Evidence found initial attractiveness brought partners together after several years.
The Halo Effect:
The belief that good-looking people project positive qualities, for instance, kind, sociable and successful in comparison to unattractive people. This leads us to behave positively towards those who are considered more attractive - a self-fulfilling prophecy.
The Matching Hypothesis:
states that people choose romantic partners who are roughly of similar attractiveness to themselves. This implies that we take into account our own level of attractiveness when seeking a romantic partner.
There is research support for the Halo Effect. Palmer & Peterson found physical attractive people were rated as more politically knowledgeable and competent in comparison to those who are unattractive.
What's considered physically attractive is consistent throughout collective and individualist cultures.
found that female features of large eyes, prominent cheekbones and small nose were rated highly attractive by White, Hispanic and Asian males. Other psychologists also found Korean and American students judged physical attractiveness to be more trustworthy, mature and friendly. This shows stereotype is just as strong in collectivist and individualist cultures.
Social Exchange Theory
Rewards, costs and profits:
This is about Kelley's economic theory, predicting that people want a profit in a relationship and try to
(e.g. comfort) and
(e.g. jealousy), however, this is subjective because some can perceive rewards as costs and vice versa.
Comparison Level (CL):
This is the amount of reward you believe you deserve to receive.
This develops as it feeds expectations from past relationships to current ones.
Self-esteem: low profit from the relationship whereas high self-esteem is the belief they are worth more.
A theory of how relationships form & develop, assuming romantic partners act out of self-interest in the exchange of rewards + costs.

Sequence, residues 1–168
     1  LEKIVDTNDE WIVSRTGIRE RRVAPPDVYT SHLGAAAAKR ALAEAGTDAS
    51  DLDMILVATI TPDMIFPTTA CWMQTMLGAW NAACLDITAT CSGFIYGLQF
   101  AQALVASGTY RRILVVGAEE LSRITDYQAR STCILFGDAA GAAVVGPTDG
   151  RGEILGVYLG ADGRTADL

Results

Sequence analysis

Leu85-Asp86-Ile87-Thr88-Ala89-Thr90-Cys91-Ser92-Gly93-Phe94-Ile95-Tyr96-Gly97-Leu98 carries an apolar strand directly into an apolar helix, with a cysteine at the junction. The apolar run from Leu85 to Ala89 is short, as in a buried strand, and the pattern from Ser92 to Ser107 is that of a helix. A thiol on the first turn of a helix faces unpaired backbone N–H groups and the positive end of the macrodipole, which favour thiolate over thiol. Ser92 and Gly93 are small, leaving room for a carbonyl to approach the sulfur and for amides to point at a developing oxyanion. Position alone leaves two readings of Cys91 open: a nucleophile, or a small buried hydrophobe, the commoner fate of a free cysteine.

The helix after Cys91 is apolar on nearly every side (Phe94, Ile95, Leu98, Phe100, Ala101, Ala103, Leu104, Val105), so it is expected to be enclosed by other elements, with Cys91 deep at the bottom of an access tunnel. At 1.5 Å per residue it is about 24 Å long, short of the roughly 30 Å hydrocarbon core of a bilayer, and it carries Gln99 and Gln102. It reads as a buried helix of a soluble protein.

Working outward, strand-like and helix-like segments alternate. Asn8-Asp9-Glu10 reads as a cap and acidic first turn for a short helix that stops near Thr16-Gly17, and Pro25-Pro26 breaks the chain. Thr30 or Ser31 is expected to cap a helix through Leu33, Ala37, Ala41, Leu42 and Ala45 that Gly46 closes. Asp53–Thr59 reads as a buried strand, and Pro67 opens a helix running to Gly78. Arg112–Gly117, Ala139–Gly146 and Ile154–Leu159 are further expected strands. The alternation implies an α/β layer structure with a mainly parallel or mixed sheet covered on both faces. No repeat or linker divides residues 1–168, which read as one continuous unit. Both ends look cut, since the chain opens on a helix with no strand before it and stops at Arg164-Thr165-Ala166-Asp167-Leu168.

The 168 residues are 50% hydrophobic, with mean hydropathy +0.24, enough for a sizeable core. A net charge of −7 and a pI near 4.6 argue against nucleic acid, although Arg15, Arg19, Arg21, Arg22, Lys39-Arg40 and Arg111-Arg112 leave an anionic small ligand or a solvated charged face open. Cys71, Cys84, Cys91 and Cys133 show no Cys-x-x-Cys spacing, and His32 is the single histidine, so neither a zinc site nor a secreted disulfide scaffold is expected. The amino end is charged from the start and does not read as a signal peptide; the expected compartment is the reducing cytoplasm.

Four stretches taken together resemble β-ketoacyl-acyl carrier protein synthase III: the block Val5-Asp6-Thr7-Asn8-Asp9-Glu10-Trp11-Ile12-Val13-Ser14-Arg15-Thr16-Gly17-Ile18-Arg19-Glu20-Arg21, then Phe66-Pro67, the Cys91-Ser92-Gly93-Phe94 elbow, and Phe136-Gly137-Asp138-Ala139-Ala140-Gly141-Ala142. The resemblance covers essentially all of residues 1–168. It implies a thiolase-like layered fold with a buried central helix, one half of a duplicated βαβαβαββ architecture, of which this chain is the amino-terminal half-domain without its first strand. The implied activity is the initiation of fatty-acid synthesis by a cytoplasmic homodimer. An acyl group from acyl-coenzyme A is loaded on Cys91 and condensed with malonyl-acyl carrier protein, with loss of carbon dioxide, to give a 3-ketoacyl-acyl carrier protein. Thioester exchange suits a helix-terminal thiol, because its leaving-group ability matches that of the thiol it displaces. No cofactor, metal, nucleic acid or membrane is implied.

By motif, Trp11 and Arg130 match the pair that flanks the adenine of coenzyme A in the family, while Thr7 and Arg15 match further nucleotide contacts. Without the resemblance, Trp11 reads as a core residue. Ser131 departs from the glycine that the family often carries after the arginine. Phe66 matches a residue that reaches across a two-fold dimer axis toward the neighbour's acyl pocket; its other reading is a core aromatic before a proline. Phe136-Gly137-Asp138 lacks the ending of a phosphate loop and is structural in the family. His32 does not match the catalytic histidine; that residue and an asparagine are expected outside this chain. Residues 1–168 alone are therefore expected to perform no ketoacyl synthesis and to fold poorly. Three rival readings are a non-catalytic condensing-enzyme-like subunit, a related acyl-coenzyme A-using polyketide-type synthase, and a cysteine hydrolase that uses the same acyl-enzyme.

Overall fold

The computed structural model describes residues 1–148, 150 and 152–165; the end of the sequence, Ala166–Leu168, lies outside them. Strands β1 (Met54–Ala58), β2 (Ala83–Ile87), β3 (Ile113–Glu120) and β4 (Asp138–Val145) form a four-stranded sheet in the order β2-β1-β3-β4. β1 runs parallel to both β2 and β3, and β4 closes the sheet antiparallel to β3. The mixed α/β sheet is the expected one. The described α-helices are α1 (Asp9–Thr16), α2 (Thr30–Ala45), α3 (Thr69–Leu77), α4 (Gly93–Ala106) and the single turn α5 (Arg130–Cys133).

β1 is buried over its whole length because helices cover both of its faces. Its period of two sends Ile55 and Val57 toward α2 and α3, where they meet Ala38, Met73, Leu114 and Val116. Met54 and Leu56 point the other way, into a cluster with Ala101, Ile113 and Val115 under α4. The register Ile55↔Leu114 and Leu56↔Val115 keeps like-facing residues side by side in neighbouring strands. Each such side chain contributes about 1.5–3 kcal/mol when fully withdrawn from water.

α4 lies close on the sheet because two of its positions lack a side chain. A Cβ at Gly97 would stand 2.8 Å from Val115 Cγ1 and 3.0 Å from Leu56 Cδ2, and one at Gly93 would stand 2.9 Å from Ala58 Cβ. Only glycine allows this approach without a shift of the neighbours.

Comparison level for Alternatives (CLalt):
This predicts that
we will only stay in our current relationship as long as we believe it's more rewarding than the alternatives
- it depends on the state of our current relationship. If the costs outweigh the rewards, the alternatives become more attractive. However, being in a satisfying relationship means you may not notice alternatives available.
Stages of Relationship Development:
- Sampling stage:
we explore the rewards & costs of social exchange theory by experimenting with our own relationship or observing others.
- Bargaining stage:
Partners exchanging rewards & costs, negotiating and identifying what's most profitable
- Commitment stage:
Source of rewards & costs becomes more predictable + relationship becomes stable as rewards increase and costs lessen.
- Institutionalisation stage:
The terms of rewards & costs firmly established.
Many researchers disagree with the economic metaphor of SET as it doesn't consider relationships that don't involve the exchange of rewards & costs. For example, relationships with colleagues.
SET ignores equality and highlights importance on comparison. This neglected factor means SET is an incomplete or inaccurate explanation due to much research that supports the significance of equity in a relationship (equity theory).
The direction of cause & effect is blurred. SET claims that dissatisfaction sets in when costs outweigh rewards but it's argued that we do not measure rewards. costs or alternatives unless we are dissatisfied.
Sexual selection + Human Reproductive Behaviour